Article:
Fig. 1

Phylogeny of families of Aculeata based on morphological ground plans, modified from Brothers [4365体育网站]. Relative lengths of branches have no significance. Note that subsequent morphological studies have indicated that Crabronidae is almost certainly paraphyletic, while the bees are usually treated as comprising several families. Families colored red contain some eusocial species. The limits of the three monophyletic groups named as superfamilies are indicated at the right: Chrysidoidea (orange), Apoidea (blue), and Vespoidea (green)

Advances in molecular analyses of genetic material or its products, and phylogenetic analyses thereof, have led to several studies of the molecular phylogenetics of the Hymenoptera as a whole or various of its components. Early studies, with limited genetic scope, concentrated on non-aculeate groups since those were the ones for which the uncertainty about relationships was greatest. It is only relatively recently that there has been greater representation of aculeate taxa. Although these later studies have been based on extensive information derived from numerous genes or their products, all have still been unbalanced in their taxon sampling. This has meant that the genetic variability within the various subtaxa has mostly been inadequately estimated.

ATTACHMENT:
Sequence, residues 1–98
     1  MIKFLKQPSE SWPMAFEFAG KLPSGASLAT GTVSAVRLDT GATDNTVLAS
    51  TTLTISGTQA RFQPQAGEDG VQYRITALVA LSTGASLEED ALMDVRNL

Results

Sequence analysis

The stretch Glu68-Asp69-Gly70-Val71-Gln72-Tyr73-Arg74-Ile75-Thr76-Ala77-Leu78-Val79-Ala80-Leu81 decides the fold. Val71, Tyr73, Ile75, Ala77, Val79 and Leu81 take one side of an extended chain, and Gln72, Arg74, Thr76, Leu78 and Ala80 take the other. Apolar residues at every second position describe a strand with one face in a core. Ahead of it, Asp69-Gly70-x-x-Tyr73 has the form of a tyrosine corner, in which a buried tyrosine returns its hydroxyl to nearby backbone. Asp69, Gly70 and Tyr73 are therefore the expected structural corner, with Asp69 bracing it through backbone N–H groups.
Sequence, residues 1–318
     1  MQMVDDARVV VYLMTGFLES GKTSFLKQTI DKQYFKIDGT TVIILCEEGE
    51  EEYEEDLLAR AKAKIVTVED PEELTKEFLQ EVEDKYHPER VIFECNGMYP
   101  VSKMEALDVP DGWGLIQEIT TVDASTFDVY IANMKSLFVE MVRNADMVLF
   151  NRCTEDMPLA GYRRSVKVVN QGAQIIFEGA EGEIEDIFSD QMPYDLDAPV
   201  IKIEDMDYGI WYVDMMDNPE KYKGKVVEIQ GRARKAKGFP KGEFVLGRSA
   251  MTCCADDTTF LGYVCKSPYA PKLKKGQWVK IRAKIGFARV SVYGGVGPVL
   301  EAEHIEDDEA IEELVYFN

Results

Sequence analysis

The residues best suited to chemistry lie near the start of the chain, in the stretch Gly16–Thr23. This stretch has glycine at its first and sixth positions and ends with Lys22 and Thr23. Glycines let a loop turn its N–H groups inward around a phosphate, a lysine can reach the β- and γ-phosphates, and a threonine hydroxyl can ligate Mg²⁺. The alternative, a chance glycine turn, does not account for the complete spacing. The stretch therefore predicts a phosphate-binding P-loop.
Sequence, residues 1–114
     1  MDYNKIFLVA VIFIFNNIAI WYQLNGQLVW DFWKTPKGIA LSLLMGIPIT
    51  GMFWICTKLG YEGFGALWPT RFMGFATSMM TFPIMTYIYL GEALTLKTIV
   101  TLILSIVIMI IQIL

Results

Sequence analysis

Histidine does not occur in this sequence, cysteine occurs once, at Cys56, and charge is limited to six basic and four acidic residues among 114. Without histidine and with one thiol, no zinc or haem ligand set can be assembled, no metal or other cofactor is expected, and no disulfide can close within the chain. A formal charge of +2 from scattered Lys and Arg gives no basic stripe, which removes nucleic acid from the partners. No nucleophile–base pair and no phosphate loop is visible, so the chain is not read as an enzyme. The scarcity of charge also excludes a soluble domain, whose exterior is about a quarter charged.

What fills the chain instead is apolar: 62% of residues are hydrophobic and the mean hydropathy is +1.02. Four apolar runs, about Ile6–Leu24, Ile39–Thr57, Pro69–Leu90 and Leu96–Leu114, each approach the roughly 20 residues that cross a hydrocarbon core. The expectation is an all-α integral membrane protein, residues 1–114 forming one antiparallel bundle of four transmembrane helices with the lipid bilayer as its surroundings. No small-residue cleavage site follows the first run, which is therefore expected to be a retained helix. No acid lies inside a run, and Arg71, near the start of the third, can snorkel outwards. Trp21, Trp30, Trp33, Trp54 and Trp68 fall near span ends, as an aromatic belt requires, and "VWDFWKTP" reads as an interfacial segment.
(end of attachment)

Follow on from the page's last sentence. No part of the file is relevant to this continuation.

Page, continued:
Early studies including genetic data also generally attempted to take account of the results based on morphological characters that were then available. The Aculeata was consistently found to be monophyletic, but the relationships of its components varied considerably. Sharkey [12365体育网站] presented a tree diagram derived from a compilation of the results of various studies, both morphological and molecular, to the level of superfamily. In this the three superfamilies of Aculeata were represented, but as a trichotomy, and with the vespoids indicated as possibly not monophyletic. All of these primarily molecular analyses involved the Hymenoptera as a whole and therefore did not explore the relationships of the components of the Aculeata in any critical way. They nevertheless suggested that the chrysidoids and apoids formed monophyletic groups, but that the vespoids might not do so.